As the ARDS Foundation brings in the new year, we look forward as a diverse community of people who have been affected by ARDS. Our group consists of those who have, of course, survived this syndrome, and their loved ones who have watched as they endure ARDS. However, a huge portion of the ARDS community consists of those who have had to bury their loved ones and are left asking that question that none of us can answer, “Why?”
So as we enter this year, the ARDS Foundation would like to take as positive a view as possible, in dealing with an obviously frightening, stressful, and upsetting situation. In the aftermath of ARDS, many ask what is being done in terms of medical research and what they can do as individuals to fight this insidious syndrome.
Regarding research, the physicians I spoke to who are with the ARDS Network updated me. Many in our community had heard all of the news reports regarding the ARDS Network and their halted research studies; the ARDS Network, although not the only ARDS research, is one of the best bets currently in terms of comprehensive ARDS research since it combines given research studies at multiple locations throughout the United States and Canada. The good news is that after inquiring, I learned that most of the ARDS Network centers are currently enrolling patients in the previously suspended FACTT study and a few weeks ago, the ARDS Network completed enrollment in the trial of corticosteroids in the late phase of ARDS.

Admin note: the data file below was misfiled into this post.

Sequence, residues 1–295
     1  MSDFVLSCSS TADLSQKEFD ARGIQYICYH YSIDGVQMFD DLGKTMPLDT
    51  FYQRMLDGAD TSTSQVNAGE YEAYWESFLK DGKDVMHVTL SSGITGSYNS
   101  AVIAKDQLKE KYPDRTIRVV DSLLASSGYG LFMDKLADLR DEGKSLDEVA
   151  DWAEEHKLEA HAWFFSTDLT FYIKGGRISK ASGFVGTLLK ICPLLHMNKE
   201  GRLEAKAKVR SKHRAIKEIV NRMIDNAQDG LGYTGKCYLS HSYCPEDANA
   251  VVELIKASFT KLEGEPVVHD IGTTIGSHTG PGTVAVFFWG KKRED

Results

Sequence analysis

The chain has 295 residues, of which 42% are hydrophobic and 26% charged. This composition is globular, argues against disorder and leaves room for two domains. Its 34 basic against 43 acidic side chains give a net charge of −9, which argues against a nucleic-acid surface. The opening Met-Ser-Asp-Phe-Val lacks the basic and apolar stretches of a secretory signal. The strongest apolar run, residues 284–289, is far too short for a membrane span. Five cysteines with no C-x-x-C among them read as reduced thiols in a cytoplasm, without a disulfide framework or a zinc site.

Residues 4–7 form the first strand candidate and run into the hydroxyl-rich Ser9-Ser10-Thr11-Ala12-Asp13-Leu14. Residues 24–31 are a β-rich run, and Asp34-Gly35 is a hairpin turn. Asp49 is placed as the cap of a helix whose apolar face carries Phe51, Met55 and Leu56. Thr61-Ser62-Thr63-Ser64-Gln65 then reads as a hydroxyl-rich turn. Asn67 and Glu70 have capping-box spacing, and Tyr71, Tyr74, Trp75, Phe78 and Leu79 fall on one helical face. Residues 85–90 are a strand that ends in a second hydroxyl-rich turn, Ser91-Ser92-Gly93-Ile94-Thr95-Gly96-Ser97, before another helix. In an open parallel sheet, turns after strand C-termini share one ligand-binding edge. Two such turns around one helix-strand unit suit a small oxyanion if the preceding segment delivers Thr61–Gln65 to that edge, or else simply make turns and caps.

Regarding what people can do personally, there is more than you think! It is important not to get complacent, as so much more needs to be done, and we as a community are the ones who must fuel the fire towards change in 2004. As we have said many times, there are so many ways that one can give of yourself:
*Share your ARDS story or that of your loved one
*Support someone in crisis
*Educate others about ARDS
*Gather petition signatures
*Write a letter to your representatives in Washington
*Distribute ARDS brochures
Of course, another way many people give is obviously from the pocket book; as a not-for-profit, the ARDS Foundation operates on donations from others, but we realize that there are those who cannot afford to give. After ARDS, you may have lost your job or had to go on disability due to extended time off from your lengthy illness, and even if working, you may still need to recoup. Still, there are ways that individuals can help raise funds on a small scale, and while doing so, raise public awareness.
In 2004, the ARDS Foundation wants to facilitate such endeavors. The slogan on the main page of our website says: “To do nothing because we can’t do everything helps no one. ” Every dollar counts and anyone who wants to volunteer their time to raise funds and public awareness, be it alone, or with a small group, is noble and their efforts are welcome. On our website, we will devote a page to illustrate and highlight those who take on this challenge.
The statistics are striking: Approximately 150,000 Americans are diagnosed with ARDS each year and about half of them will die from this syndrome. To be sure, ARDS touches many in the ARDS community in a variety of ways. The choice is yours regarding how proactive to be in this battle against ARDS, be it loudly, or quietly. But if ARDS has touched you, your family or your friends, then do something in this fight.
Every person counts, every dollar counts, every voice counts.